Several years back the U.S. built a plant to produce rocket fuel. The reason was that the only source was foreign and if that was cut off we were in trouble. The plant was mothballed because there wasn't a present need. We have to protect our steel and aluminum production industry for the same reason. It may not be pleasant but we simply can't let them all die.
    Sometimes you have to put the country first and that is now.
    Good point. But perhaps there is a better way to protect them besides tariffs. They will make enemies. They will hurt every American especially the middle class on down. They will hurt other industries in one form or another. Some drastically.

    One thing to keep in mind. It's easy to see the immediate benefits of tariffs. But some of the long term catastrophic fallout won't even be recognized. What if IBM would have built a new 20 story office building in Seattle in 6 or 10 years? But due to the tariffs on steel that costs 20% more, that idea isn't even mentioned at the board meeting. It never happens. They likely would have added hundreds of high paying jobs on this country. Not to mention all the tradesmen and suppliers that lose out on what would have been.

    That is just one negative effect of tariffs. And it highlights to problem with "populism". It's so easy to gin up the masses with their pitchforks and torches. "Get 'em!". And this insanity happens on the right almost as much.

    Did you guys know that Herbert Hoover was a wildly successful businessman before being elected and ran on a right wing style "populist" message? He also had many investments in Russia.

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  9. #32
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    Quote Originally Posted by WAYNE3298 View Post
    david,
    China was just an example of what could and has happened. They only supply about 11% of our steel needs but we only produce about 10% of our own needs. Ten percent is not enough and anything we put into war equipment should have the assured integrity needed without further testing by the purchaser.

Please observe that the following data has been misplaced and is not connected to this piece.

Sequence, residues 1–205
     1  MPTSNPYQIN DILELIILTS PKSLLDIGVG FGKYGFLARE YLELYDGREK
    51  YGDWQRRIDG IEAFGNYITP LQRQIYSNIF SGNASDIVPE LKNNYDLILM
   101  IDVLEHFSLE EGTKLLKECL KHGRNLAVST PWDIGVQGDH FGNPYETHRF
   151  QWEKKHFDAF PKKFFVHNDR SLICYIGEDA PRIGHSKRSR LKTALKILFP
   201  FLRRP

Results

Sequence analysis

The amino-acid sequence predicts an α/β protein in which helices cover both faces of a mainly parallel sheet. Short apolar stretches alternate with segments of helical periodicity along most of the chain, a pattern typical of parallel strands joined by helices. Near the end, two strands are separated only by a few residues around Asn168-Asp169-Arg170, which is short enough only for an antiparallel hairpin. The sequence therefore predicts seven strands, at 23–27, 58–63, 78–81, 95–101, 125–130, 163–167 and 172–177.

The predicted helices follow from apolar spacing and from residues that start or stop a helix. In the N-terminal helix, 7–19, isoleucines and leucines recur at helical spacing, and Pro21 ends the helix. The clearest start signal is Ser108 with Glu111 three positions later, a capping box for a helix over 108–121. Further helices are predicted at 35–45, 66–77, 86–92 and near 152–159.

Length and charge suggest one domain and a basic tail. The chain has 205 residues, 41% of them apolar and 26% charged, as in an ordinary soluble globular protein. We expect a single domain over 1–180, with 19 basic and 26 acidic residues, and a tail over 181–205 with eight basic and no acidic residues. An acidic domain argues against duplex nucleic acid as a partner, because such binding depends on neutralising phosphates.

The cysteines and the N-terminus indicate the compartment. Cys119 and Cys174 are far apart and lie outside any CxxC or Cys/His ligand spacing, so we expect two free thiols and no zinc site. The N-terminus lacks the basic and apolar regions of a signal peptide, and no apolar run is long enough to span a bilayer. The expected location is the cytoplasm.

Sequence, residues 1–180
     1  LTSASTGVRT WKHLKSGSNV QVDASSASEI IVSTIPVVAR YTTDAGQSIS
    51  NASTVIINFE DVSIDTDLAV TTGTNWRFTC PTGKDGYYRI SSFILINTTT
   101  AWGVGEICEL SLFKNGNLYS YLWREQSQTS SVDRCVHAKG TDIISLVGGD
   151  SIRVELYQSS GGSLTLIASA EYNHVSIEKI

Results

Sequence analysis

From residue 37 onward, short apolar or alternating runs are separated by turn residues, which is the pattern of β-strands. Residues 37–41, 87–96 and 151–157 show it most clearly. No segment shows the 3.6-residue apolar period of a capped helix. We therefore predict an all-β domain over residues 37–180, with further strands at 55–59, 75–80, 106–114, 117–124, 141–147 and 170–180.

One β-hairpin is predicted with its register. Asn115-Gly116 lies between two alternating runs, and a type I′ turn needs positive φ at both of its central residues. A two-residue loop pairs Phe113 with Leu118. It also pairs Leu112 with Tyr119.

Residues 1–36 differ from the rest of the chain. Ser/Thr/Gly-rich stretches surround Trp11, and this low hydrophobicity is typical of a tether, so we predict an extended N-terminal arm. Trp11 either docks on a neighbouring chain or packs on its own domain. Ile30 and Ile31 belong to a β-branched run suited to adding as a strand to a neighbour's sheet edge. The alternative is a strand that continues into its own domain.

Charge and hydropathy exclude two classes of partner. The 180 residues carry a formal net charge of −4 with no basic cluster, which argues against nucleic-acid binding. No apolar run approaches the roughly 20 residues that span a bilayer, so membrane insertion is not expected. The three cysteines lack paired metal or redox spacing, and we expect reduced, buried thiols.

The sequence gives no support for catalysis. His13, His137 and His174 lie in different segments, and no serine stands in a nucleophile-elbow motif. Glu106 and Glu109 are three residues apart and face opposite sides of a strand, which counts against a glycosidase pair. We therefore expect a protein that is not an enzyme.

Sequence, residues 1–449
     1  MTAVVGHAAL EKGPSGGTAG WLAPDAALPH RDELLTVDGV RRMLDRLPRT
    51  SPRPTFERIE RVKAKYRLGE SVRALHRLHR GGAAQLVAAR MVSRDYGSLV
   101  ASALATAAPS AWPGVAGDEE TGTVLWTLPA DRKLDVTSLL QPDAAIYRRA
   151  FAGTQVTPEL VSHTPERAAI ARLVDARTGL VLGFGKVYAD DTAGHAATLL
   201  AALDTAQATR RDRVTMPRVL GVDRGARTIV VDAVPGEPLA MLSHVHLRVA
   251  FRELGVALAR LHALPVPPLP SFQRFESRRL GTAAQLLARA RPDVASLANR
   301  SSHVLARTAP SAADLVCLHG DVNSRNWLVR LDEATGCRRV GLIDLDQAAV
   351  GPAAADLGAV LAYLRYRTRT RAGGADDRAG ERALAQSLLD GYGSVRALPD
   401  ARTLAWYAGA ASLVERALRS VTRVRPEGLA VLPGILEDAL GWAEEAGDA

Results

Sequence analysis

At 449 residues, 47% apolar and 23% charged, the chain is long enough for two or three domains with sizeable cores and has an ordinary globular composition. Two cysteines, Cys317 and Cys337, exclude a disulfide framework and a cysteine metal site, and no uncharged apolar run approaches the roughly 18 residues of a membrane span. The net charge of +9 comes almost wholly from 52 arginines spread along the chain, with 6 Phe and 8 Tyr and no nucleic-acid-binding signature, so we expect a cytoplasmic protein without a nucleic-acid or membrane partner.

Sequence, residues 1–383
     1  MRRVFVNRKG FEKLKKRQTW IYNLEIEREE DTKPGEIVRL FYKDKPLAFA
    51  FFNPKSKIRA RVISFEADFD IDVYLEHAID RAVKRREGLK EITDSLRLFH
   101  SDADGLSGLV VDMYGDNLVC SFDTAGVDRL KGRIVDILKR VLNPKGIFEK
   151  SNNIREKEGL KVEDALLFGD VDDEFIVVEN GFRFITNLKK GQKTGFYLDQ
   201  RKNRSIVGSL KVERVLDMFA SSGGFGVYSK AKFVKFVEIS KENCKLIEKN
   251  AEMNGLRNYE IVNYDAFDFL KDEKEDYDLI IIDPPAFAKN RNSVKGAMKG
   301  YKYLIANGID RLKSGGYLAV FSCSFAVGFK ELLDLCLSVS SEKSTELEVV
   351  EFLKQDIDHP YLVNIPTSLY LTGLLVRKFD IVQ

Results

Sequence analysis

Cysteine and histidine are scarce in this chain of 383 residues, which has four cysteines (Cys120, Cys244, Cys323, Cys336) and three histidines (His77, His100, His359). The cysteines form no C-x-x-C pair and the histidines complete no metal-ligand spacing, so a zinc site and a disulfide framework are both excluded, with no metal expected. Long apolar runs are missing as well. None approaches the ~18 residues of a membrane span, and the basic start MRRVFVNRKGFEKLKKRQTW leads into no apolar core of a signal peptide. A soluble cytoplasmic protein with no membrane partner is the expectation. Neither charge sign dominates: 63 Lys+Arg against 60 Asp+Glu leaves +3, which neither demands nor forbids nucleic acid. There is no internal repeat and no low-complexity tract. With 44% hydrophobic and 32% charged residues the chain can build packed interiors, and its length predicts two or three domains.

Was Danfoss using Chinese steel? If so was it good quality?
    Aside from the possibility of poor quality steel we could be cut off completely.
    And the military has high specs, in fact I have a friend who does metallurgy for Lockheed Martin.

    As for Danfoss, they are a global company, and therefore get their metals from many sources, depending on where the factory is, and what the product is.

    Do you think we are going to simultaneously go to war with Canada, Mexico and the EU? Basically, if our steel supply was cut off due to war, we would be screwed anyways because it would mean the whole world is after us... aka, not going to happen. Stop listening to fear mongering.

  10. #33
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    Brian,
    I don't like tariffs either. I just think we are in the position now where we need to preserve some capability for steel production. I used to write specs for government work and buy America was included. That caused problems then (1990's) and exceptions had to be given in order to build the projects. I'm sure it is worse now. The problems extend beyond initial purchase to resupply of parts or materials.
    David,
    No I don't expect to be at war with everyone but if a major war breaks out some of the countries would cut us off in favor of their own increased needs.
    You guys have valid points and there will certainly be a down side. Ideally the countries slapping unreasonable tariffs on our goods will back off. Remember they are doing it for their own benefit and the results of their tariffs have devastated our steel and aluminum industries.

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  12. #34
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    Wayne, I am all for insuring trade is indeed fair, but enforcement of trade agreements/regulations is the answer, not tariffs. And regardless, IP protection, or lack there of, is a far greater threat to our economy and indirectly jobs than commodity inports are. It’s not even close.